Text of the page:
Growing celery from a stalk – get new plants for no cost

It's so easy to grow celery from scraps and you can get new plants to harvest for free for all your culinary uses

A fresh harvest of celery bunches carried in a crate
(Image credit: Getty/RUSS ROHDE)

Celery is a cool-season crop grown for crunchy stems that are commonly used in salads and to add flavor to sauces. It is a vegetable that can easily be re-grown by sprouting its base and knowing how to grow celery from a stalk means you get new plants for free. 

These plants, that have been re-sprouted from bits of the vegetable that most people simply throw in the trash, can either be grown indoors or planted outside to give yourself a fantastic harvest of stalks.

Once you know how to grow celery you can get a bumper crop of stems, which can then be used in the kitchen and the base easily re-grown into new plants to start growing again for new future stems.

A harvest of celery stalks in a basket

Celery stalks are usually picked once they reach at least six inches

author pic drew swainston
Drew Swainston

Drew is a former professional gardener who specialized growing edibles. He worked in, and led the planning and growing in, productive kitchen gardens that grew vegetables, fruit, herbs, and microgreens for chefs at local restaurants.

Tips for growing celery from scraps

Celery is commonly grown from seed, however it is a crop that can be easily re-grown from scraps indoors with only a little equipment required. It sprouts quickly and can then be grown on in one of three ways. 

The plant can be grown in a pot indoors, or outside as part of a container vegetable garden, or planted in the ground to develop. All of these different options can give you a harvest come the end of the season. Growing celery from scraps can be a fantastic growing project to get a young family involved in too.

Celery sprouting from scraps in water

The bases will start sprouting quickly in water

(Image credit: Getty/©Daniela White Images)

How to grow celery from a stalk in water

Celery can be sprouted in water in only a few simple steps:

  1. Slice the root base off a bunch of celery about two inches from the bottom.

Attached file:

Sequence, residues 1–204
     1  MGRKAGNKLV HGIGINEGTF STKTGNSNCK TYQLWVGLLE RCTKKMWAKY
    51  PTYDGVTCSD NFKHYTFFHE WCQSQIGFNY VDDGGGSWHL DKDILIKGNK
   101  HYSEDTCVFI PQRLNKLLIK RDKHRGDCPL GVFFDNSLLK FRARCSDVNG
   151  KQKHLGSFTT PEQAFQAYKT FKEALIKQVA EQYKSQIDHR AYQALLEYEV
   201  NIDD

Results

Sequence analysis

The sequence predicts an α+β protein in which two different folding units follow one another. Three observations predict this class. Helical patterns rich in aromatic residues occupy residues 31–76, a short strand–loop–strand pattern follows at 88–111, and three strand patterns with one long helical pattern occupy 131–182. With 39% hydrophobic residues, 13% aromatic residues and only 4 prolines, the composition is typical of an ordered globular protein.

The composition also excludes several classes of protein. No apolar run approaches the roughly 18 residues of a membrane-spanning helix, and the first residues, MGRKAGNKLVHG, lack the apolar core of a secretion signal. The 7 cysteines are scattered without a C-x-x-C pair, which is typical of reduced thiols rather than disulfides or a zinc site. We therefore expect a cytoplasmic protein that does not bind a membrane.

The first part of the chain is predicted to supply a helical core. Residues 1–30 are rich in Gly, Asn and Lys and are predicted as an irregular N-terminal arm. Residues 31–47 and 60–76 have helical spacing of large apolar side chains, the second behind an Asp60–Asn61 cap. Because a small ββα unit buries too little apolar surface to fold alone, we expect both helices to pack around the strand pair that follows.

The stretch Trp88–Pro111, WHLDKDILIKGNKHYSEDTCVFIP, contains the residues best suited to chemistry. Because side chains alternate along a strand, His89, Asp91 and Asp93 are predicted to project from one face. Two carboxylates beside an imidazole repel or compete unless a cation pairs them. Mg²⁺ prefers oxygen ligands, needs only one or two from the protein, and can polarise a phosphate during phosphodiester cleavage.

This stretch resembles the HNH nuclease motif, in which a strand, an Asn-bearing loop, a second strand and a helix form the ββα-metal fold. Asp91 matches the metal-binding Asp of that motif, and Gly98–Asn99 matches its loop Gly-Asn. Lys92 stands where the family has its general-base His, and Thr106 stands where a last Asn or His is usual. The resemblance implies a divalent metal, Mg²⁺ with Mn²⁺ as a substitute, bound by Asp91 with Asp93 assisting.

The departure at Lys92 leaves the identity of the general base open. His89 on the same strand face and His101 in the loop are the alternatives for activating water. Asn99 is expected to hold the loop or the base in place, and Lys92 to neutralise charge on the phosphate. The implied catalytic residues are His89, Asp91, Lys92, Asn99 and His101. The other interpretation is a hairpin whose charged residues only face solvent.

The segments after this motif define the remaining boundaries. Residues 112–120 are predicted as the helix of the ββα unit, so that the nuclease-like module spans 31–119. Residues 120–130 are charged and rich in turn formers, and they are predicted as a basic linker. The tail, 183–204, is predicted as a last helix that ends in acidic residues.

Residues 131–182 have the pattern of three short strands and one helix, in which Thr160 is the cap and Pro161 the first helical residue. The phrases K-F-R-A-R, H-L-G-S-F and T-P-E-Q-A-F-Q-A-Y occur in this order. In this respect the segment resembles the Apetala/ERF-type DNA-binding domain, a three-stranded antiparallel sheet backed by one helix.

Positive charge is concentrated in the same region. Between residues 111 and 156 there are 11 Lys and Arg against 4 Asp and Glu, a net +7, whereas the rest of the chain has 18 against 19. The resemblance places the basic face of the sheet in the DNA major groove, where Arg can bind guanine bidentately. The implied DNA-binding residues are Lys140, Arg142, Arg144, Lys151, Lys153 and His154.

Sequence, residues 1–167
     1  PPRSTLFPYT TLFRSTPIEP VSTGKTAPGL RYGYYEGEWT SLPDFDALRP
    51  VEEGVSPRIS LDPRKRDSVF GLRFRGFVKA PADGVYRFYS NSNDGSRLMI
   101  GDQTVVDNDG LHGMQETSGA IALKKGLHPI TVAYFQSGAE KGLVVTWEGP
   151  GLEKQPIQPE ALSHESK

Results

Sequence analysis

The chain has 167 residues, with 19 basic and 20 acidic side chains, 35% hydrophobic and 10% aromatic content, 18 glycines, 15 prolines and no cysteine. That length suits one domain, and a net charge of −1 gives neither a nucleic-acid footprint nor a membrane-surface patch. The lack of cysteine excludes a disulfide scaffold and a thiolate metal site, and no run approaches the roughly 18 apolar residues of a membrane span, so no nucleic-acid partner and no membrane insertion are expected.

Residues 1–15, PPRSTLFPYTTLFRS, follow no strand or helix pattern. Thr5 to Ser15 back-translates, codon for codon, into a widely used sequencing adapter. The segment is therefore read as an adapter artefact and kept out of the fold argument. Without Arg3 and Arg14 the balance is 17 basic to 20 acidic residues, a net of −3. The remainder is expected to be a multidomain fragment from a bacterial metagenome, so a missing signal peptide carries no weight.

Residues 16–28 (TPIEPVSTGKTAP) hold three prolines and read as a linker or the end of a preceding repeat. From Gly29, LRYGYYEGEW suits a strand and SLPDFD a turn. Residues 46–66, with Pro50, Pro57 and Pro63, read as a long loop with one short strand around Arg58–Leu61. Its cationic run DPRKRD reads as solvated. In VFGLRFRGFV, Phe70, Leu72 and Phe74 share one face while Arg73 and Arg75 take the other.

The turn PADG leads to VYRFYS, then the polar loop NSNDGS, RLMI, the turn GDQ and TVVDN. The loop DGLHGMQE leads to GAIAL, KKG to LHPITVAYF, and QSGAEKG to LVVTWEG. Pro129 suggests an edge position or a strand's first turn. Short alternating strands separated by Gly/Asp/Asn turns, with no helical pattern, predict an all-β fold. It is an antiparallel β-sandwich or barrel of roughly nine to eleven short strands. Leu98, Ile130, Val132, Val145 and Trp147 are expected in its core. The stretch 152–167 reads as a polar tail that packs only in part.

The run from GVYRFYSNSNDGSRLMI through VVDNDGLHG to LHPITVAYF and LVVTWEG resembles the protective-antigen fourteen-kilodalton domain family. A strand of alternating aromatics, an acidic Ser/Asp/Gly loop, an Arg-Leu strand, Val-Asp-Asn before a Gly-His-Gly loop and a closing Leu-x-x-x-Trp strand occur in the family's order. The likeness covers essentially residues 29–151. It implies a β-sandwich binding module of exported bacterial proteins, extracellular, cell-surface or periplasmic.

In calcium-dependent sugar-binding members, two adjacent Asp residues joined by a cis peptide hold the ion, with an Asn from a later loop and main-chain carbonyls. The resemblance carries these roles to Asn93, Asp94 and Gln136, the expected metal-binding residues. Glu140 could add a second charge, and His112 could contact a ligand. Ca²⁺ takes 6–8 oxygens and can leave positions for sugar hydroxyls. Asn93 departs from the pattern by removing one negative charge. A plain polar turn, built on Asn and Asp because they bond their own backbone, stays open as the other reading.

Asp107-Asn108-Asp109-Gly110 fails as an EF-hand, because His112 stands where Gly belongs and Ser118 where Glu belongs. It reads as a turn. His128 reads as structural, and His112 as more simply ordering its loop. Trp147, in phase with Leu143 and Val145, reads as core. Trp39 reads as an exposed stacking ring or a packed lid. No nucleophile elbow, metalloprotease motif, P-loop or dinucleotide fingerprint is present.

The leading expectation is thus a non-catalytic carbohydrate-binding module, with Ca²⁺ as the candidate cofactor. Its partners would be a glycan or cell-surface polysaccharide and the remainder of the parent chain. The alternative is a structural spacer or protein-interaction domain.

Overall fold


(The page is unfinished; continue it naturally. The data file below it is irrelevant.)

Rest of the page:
2. Place the base in a shallow dish filled with one inch of water.
  3. Put the container on a windowsill that gets good natural light – a minimum five hours a day of light is ideal.
  4. Change the water every two days.
  5. Small leaves should emerge within a few days and then small storks and roots should follow within a week.
  6. When the roots reach one inch, it is time to grow on the sprouted celery by either planting it in a container or the ground. 

On the topic of where to place the container, Bryan Tan, founder of, adds: ‘The best location to sprout celery indoors is a sunny spot with plenty of ventilation. You can place it near a window or use a grow light to provide the necessary light for the plants. For optimal conditions, keep the temperature between 65-75˚F.’

It is possible to grow celery from scraps without needing to sprout them in water. The alternative is to plant the cut-off base directly into moist soil. John Stephens, chief editor and gardener for, states: ‘Both methods yield excellent results but require a few conditions: adequate sunlight, constant moisture and warmth are all necessary for successful growth.’

A celery plant growing in a terracotta pot

One celery plant can grow happily in a 12 inch pot

(Image credit: Alamy/Elena Kudenko)

How to grow on a sprouted celery stalk

A sprouted celery stalk should be potted up into a container (indoors or outdoors) or planted out into the yard when the roots have developed around one inch in length. Leaving the sprouting celery sitting in water for too long will lead it to rot. 

These are the two methods you can choose from:

1. Plant in a container

To plant your sprouted celery stalk in a pot, choose one at least 12 inches wide and ensure it has good drainage holes in the bottom. Fill the container with a good-quality potting compost and mix in some slow-release fertilizer – such as this Miracle-Gro Shake 'n Feed All Purpose Plant Food on Amazon – as celery is a hungry crop. Make a hollow in the center of the compost and push the sprouting celery bottom in and pack more compost around it. Water the pot well and put it in a sunny spot.